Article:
Strange Horizons Columns: boo., by Iain Jackson:
What scares you?
I've been thinking about this a bit, after the last piece. I mean, the idea behind zombies is that they're supposed to be scary, right? You read about the zombies, and you suddenly feel the urge to hang around brightly lit rooms with lots of people while looking carefully for bite marks on their scalps, right? Only . . . not so much, it turns out. The zombies, as such, just weren't all that scary. So I looked at a few other comics, with ghoulies and ghaesties and things that go bump in the night, and none of them are particularly fearsome—at least, the supernatural paranormal spooky bits weren't. But if I go to a horror movie, or if I read the right kind of prose fiction, I can be plenty scared. There's a reason that I stay away from Stephen King and Clive Barker and other such authors, after all. There's a reason why I have to be poked and prodded and repeatedly importuned to see 28 Days Later or Cloverfield or Teeth or Alvin and the Chipmunks (. . . OK, I actually couldn't be poked or prodded or importuned enough to see that—one does have one's limits, after all). You simply can't pay me enough to listen to most horror audio plays or audiobooks. So why is it that horror on film or in books or audio works, and horror in comics just kind of . . . lies there?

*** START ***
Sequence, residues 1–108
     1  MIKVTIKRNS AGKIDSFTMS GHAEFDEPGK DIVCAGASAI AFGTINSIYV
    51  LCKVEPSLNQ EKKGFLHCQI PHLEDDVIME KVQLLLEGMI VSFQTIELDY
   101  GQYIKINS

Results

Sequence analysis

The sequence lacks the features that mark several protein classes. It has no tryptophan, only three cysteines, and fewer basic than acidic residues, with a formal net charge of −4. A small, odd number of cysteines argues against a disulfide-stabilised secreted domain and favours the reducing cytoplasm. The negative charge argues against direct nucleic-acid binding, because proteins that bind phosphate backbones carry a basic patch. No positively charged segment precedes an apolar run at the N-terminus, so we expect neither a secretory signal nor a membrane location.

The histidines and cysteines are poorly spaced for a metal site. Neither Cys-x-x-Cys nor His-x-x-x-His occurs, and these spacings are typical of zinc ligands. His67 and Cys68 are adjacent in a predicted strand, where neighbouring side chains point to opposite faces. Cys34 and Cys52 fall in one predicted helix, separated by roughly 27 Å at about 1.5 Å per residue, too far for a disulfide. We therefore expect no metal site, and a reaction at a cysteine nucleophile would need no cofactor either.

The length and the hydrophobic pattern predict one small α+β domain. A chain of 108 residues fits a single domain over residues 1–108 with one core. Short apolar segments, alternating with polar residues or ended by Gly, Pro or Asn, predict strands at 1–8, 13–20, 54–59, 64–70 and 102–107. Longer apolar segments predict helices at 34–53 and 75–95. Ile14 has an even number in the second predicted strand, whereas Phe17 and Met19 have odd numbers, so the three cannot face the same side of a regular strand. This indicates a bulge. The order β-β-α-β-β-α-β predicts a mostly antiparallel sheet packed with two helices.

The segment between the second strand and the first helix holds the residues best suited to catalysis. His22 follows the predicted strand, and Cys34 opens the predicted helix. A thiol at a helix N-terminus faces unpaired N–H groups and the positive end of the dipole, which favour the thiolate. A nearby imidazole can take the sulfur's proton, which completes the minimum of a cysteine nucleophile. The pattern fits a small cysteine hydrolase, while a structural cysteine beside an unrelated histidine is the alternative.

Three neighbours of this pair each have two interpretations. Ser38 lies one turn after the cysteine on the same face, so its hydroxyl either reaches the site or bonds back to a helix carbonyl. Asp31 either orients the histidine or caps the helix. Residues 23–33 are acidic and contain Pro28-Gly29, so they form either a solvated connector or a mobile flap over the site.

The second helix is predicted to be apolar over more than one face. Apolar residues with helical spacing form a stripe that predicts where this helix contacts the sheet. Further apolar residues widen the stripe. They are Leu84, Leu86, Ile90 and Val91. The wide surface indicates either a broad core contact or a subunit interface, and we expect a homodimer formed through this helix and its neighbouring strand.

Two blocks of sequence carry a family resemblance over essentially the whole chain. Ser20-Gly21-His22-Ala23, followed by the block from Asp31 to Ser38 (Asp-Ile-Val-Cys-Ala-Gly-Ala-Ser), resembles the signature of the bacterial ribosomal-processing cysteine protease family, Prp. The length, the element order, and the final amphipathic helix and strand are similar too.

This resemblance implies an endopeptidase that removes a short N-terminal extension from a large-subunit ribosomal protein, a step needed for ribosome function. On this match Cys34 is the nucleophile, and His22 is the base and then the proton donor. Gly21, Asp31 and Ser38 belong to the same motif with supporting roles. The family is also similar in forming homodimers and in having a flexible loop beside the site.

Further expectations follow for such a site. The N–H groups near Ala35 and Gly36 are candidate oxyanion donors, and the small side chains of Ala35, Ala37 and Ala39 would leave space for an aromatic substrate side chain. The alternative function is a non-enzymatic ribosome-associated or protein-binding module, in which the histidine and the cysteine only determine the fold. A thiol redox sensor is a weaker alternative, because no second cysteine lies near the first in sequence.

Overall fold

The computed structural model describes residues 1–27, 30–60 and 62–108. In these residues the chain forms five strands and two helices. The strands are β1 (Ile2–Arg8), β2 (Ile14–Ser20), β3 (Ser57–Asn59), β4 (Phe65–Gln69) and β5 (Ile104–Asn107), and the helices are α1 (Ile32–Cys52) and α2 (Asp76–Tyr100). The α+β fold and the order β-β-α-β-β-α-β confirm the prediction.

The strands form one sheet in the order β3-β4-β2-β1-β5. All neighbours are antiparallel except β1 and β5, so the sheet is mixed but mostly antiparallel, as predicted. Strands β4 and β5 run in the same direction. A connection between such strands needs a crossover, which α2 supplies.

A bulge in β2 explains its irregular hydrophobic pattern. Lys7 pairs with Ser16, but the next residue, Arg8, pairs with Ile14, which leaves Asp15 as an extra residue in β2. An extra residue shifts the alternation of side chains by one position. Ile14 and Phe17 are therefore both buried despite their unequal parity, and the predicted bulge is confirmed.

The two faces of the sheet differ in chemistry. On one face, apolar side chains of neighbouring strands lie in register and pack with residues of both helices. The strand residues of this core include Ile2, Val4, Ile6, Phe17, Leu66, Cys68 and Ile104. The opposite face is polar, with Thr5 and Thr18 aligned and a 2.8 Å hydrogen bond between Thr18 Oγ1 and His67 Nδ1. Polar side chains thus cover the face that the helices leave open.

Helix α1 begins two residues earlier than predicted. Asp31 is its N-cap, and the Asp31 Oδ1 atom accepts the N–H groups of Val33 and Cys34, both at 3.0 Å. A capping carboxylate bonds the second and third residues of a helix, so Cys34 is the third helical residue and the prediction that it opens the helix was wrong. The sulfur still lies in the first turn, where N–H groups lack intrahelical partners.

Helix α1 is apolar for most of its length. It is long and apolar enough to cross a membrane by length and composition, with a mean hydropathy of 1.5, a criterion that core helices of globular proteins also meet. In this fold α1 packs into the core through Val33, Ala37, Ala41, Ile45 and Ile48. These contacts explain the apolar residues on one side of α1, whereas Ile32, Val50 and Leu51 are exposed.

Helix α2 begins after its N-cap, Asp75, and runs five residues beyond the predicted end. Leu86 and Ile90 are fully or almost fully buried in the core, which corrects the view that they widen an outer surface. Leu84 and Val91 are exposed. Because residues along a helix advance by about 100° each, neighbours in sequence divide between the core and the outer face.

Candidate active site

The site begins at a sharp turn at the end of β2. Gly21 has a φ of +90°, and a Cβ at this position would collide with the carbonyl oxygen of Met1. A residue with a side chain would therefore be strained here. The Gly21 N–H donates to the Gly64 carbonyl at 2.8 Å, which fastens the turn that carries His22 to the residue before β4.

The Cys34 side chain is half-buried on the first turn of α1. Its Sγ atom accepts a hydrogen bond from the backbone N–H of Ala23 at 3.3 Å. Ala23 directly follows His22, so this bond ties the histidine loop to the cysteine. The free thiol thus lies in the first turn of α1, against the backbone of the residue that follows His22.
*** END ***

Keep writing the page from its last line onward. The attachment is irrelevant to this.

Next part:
I think, myself, that the difference is in how they work on your mind....